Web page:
Population sizes of vertebrate species -- mammals, birds, reptiles, amphibians, and fish -- have declined by 52 percent over the last 40 years. in other words, those populations around the globe have dropped by more than half in fewer than two human generations. -- World Wildlife Fund Living Planet report 2014
This book straddles an awkward boundary between being a colorful popular work and a scientific literature review.... Profusely and beautifully illustrated with figures, maps, charts, and period reconstructions. Recommended. -- Choice
A good introduction to the great puzzle that is extinction study. -- Publishers Weekly
Selected by the Scientific American Book Club and now a more affordable paperback for a far-wider audience.
For more than a century scientists have tried to identify and understand the precise processes responsible for species extinction. Solving the species extinction puzzle has become even more important, even urgent, as human populations and technologies rival sea-level change, volcanic eruptions and asteroid impacts as an extinction mechanism.
The Great Extinctions explores the search for an understanding of Earth's five great extinction events and whether the sixth is upon us already. Leading paleontologist Norman MacLeod examines the controversies and conclusions and what they mean to the efforts to preserve Earth's biodiversity.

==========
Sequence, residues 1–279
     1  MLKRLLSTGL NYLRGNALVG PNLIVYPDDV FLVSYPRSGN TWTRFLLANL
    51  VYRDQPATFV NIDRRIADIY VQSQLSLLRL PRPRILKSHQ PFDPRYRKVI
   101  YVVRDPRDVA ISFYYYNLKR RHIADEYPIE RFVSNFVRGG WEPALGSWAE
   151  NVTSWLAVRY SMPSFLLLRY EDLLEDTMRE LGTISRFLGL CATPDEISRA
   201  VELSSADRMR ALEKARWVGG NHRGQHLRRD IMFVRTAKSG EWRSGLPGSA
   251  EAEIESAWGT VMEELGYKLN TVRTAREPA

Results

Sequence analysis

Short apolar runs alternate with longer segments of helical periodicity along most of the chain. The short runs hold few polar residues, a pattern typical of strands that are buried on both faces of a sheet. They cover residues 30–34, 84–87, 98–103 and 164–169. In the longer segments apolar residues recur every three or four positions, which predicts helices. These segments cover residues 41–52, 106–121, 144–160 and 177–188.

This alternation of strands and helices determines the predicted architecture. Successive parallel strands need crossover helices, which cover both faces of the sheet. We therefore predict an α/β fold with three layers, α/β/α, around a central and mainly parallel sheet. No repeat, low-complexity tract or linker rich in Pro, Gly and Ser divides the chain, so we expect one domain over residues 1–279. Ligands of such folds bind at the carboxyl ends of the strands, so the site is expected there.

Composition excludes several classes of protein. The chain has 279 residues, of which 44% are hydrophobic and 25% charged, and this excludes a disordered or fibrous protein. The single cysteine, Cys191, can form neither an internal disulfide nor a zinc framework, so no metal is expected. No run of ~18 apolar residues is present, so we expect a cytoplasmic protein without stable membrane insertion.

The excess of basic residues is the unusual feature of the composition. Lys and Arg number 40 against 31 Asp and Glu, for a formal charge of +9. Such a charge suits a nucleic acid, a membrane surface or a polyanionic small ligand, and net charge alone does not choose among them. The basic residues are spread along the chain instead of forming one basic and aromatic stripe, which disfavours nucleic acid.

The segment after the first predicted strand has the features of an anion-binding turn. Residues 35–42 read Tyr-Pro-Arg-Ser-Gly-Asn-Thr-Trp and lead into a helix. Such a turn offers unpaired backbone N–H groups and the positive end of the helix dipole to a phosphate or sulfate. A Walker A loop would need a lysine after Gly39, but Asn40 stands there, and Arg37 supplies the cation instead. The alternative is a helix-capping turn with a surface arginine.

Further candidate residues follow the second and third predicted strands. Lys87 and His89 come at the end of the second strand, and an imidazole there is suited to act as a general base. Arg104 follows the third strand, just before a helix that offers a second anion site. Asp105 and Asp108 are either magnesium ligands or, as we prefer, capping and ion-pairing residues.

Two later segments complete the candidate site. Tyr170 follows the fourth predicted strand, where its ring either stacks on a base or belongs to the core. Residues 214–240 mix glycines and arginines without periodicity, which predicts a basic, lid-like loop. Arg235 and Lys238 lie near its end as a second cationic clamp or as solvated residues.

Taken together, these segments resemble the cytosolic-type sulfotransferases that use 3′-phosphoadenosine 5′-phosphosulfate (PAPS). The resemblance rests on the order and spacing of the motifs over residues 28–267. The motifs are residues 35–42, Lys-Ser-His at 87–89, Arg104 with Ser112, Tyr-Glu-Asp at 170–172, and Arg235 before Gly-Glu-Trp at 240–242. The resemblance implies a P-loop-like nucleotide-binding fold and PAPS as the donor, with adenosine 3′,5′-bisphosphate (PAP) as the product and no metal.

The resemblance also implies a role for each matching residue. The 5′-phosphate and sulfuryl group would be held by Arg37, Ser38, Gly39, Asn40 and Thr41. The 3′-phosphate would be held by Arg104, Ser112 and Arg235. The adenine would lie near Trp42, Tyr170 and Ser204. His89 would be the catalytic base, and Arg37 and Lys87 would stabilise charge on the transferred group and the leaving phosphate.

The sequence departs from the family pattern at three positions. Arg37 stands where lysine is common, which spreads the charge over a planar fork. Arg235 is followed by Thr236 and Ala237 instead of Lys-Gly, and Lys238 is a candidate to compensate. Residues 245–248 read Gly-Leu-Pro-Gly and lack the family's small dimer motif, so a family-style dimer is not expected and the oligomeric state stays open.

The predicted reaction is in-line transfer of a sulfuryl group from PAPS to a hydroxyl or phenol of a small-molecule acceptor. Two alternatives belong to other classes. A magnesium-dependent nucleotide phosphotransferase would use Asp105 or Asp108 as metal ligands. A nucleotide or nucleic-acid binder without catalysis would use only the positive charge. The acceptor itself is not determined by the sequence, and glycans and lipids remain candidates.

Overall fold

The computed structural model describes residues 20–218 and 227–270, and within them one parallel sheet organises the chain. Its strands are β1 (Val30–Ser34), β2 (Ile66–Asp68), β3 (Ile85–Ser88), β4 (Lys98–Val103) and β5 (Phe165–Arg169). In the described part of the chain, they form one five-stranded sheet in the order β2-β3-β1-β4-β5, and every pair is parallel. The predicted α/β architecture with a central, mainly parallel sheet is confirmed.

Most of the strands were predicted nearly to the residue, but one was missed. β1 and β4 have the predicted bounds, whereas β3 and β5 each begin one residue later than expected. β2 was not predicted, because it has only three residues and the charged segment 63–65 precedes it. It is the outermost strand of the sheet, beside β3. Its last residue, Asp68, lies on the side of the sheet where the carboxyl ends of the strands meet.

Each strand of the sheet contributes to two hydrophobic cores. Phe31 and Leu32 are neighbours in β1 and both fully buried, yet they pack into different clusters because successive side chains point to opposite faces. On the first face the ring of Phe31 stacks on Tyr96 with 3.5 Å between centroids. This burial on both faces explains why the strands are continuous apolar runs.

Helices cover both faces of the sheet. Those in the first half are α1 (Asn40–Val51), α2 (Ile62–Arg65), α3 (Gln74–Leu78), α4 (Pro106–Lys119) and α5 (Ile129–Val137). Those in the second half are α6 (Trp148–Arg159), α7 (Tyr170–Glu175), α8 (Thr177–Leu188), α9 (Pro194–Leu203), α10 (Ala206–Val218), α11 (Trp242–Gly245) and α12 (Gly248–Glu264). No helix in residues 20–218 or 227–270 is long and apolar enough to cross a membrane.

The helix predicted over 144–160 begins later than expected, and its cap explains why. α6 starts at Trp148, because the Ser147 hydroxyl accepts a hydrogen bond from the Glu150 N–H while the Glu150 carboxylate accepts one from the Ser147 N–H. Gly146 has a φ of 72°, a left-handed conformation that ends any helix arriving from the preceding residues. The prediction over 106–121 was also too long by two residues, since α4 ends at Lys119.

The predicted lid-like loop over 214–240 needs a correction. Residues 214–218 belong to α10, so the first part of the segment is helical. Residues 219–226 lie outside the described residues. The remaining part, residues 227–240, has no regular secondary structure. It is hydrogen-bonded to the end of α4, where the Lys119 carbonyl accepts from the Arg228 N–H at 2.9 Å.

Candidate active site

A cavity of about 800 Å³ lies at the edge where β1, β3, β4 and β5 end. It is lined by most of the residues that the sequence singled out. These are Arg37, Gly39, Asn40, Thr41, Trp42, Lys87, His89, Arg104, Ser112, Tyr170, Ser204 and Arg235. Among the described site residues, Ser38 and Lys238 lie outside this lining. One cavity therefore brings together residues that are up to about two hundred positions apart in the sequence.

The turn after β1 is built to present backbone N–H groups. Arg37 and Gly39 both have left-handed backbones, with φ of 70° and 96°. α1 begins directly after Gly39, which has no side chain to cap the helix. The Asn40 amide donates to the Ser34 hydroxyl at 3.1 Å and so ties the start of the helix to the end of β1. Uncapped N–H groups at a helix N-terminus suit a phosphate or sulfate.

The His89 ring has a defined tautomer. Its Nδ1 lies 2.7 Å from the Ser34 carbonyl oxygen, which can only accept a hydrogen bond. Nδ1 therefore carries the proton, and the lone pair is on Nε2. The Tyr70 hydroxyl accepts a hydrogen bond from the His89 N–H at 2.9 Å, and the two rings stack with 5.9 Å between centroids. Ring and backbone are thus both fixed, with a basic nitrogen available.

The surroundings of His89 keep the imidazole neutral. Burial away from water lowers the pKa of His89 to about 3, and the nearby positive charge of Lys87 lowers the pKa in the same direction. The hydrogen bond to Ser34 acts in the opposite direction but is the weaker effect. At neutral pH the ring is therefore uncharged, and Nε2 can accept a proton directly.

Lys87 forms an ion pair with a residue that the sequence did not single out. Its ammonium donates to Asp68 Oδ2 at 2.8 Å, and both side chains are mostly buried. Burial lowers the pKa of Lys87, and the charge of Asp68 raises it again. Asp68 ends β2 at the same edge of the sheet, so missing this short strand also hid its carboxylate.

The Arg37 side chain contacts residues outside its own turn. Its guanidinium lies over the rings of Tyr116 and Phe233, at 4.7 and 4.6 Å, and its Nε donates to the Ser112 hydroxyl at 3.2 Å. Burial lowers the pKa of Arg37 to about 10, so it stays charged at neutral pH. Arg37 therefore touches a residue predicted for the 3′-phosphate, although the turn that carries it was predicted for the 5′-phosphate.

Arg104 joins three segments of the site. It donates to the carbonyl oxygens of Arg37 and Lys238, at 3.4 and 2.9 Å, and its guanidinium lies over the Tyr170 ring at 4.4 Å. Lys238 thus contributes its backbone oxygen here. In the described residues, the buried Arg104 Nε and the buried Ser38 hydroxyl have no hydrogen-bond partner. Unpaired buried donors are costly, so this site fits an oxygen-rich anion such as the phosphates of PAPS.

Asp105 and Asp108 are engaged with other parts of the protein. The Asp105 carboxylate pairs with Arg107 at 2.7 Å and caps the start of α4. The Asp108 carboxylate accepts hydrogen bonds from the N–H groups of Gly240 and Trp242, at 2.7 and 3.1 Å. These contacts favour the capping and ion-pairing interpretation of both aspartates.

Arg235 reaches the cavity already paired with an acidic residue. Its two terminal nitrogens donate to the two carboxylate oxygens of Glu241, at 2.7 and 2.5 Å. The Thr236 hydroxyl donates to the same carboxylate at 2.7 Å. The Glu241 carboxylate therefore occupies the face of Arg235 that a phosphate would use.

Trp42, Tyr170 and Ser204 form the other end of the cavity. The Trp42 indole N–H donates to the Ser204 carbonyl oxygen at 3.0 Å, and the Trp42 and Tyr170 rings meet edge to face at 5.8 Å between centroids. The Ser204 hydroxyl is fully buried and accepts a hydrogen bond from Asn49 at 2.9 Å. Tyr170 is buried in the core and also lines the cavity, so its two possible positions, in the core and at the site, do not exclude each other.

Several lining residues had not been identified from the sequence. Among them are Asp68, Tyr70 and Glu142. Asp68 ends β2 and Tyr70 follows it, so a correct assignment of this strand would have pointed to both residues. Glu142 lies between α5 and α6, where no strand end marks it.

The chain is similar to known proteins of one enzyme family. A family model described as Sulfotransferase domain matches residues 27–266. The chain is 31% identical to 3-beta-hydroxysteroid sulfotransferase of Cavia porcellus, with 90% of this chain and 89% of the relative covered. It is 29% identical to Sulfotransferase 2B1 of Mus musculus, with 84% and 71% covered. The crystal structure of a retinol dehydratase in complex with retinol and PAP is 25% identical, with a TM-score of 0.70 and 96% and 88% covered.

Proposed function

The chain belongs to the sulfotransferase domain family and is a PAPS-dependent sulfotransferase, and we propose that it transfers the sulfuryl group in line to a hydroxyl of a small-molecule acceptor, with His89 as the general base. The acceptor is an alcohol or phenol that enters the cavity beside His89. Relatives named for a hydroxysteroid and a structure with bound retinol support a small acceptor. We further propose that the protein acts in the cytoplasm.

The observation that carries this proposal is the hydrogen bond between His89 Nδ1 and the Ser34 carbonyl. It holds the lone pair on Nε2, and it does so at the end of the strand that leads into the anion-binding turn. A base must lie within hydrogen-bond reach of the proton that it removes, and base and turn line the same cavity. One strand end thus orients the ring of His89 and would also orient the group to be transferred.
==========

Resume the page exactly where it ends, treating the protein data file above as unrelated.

He also reveals how, contrary to popular conception, species extinction is as natural a process as species evolution. Examining extinction over geological time, he compares ancient extinction events and uses them to predict future extinctions.
Featuring the latest scientific evidence on the subject and informative illustrations and diagrams, The Great Extinctions is an easy-to-understand presentation of a complex and controversial subject.
Norman MacLeod is Keeper of Palaeontology at the Natural History Museum, London. He studies the origin and maintenance of form in fossil and modern organisms using mathematical models of shape variation. He also creates new mathematical tools for studying plant and animal form and develops systems for automating the identification of species.